Biomedical Engineering

2018-19 Senior Design Projects

Universal Driver Gear Train

Second Place Innovation Awards

Team Members
Ryan Connolly, Yolanda Anderson, Ethan O’Driscoll, and Heather Marker, Biomedical Engineering

Advisor
Smitha Rao, Biomedical Engineering

Sponsor
Stryker

Project Overview
The universal driver is a surgical tool used in orthopedic surgery to drill, ream, and screw into bones. All of these different functions require different torques and speeds, otherwise there can be damage to the bone. Currently, there is just one output speed and torque per input speed. This limits the usage of a single drill, because surgeons must switch drills to accomplish each of these functions. There is a need in the market for a universal driver that has the ability to switch between two or more different outputs of speed and torque. A gear train will be developed such that it will be able to drive screws, ream, and drill with the ability to switch between these modes. The gear train that will be developed will operate with a single input speed, a single input torque, and will offer the ability to switch between two different output speeds and torques.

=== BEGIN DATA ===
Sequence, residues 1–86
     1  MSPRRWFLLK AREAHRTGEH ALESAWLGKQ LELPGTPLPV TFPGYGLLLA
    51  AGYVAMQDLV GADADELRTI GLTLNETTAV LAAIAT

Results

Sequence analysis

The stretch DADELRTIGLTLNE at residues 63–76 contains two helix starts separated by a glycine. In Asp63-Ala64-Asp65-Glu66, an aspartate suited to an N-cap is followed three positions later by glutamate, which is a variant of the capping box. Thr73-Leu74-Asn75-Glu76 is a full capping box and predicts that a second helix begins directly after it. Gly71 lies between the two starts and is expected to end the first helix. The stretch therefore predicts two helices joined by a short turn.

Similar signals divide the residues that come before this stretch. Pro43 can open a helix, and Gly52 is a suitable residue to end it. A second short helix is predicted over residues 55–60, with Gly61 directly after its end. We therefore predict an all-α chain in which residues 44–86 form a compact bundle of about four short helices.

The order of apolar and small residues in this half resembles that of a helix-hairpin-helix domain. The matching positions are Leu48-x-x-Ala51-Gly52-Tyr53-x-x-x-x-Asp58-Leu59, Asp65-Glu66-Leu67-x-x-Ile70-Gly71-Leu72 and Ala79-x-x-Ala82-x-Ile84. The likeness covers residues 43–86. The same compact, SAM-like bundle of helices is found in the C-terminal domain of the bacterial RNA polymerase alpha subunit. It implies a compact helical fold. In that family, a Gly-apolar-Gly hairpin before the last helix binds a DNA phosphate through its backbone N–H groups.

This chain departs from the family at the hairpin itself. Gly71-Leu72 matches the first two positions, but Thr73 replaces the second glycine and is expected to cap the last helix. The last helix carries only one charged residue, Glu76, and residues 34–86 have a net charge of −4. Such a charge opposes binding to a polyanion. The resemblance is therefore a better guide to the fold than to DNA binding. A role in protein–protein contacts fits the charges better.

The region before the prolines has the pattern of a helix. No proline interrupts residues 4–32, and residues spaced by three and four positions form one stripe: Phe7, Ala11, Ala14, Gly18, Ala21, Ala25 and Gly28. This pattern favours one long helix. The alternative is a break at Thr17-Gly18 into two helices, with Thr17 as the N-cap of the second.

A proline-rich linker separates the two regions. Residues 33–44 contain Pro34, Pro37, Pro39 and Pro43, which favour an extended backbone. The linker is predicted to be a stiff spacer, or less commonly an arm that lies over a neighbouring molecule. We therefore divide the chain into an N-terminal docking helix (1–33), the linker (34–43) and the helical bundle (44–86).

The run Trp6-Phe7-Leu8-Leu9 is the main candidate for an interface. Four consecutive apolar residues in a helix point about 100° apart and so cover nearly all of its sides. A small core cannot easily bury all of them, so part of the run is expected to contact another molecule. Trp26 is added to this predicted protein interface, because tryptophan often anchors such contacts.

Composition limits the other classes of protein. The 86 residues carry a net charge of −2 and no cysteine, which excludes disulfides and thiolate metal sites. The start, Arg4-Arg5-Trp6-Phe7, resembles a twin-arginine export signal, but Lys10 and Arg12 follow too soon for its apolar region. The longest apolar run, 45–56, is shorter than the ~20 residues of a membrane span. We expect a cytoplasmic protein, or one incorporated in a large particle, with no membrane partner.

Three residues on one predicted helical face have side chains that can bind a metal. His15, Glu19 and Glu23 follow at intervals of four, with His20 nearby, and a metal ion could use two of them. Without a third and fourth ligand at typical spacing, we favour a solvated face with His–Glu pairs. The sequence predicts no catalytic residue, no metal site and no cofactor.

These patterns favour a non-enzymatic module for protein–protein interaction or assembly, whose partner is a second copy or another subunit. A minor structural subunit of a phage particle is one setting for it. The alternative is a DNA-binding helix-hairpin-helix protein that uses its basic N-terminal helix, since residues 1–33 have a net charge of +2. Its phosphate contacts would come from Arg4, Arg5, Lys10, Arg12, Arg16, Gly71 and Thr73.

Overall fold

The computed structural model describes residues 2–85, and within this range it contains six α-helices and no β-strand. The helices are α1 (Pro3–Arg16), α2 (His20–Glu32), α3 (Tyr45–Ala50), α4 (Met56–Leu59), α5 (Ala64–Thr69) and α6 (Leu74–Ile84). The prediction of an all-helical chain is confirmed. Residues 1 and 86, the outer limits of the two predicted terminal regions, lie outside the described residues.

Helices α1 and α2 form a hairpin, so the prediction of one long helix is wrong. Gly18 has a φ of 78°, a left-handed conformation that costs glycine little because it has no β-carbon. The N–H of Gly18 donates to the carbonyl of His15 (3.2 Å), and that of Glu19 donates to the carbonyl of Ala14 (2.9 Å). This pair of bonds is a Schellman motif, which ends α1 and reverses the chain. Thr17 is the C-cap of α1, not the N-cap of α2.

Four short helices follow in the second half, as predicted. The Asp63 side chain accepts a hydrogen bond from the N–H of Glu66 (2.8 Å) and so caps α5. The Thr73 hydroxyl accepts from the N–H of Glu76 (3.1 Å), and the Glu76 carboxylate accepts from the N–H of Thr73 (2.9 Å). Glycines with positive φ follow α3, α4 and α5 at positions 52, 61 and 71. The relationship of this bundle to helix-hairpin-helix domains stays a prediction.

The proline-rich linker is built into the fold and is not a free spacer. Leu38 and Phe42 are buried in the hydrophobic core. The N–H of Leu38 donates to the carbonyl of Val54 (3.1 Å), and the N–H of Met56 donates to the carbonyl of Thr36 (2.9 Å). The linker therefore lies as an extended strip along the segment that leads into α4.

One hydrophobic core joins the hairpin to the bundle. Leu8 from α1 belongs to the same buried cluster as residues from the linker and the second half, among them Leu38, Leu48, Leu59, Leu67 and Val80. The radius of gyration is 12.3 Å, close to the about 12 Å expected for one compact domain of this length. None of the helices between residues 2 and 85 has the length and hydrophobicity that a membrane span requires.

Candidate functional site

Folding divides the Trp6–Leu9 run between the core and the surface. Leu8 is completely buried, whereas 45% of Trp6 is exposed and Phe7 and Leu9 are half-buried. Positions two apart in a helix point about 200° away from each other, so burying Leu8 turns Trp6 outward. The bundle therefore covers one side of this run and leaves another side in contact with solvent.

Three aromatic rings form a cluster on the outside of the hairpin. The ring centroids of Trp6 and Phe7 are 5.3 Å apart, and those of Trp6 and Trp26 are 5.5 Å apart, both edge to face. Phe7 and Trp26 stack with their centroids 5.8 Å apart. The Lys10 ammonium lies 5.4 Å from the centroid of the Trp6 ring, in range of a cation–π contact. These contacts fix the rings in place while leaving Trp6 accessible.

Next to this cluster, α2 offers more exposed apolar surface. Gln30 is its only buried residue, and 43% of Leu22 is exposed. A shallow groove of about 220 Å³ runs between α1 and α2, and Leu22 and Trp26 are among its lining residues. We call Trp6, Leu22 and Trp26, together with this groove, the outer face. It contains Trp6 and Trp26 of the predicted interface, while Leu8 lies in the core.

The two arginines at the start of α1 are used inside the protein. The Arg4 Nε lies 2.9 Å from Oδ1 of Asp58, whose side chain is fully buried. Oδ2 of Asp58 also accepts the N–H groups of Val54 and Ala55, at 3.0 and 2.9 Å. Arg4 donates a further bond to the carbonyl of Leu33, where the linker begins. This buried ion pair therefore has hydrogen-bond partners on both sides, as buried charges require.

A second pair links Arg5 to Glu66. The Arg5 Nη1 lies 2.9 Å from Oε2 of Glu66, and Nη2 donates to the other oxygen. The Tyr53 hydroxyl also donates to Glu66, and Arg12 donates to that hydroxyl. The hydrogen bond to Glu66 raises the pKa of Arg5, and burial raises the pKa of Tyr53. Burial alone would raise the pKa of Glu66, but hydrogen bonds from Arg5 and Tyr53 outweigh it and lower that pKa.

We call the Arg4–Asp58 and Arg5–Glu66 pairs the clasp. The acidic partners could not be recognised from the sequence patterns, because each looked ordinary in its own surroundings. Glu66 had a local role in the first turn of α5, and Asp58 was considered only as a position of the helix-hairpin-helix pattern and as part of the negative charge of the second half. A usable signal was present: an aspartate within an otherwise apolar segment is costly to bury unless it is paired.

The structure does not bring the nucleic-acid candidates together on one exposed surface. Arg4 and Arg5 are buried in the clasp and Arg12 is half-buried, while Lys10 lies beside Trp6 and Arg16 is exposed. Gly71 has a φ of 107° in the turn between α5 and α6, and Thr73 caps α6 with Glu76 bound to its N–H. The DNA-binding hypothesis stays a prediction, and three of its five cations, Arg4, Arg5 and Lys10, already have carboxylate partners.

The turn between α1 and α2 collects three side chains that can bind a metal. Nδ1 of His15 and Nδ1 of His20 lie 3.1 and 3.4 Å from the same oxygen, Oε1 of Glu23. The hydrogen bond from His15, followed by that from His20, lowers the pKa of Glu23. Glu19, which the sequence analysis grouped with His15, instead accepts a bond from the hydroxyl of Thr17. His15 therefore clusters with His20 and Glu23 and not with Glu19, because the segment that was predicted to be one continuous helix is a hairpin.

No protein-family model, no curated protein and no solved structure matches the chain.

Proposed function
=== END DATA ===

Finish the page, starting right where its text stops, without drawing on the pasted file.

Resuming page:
Transcatheter Single Ventricle Device

Honorable Mention Senior Design Awards
Third Place Innovation Awards

Team Members
Chad Cannon, Lauren Markham, Lauren Sandy, and Sonja Welch, Biomedical Engineering

Advisors
Smitha Rao and Jeremy Goldman, Biomedical Engineering

Sponsor
Spectrum Health Innovations—Helen DeVos Children’s Hospital

Project Overview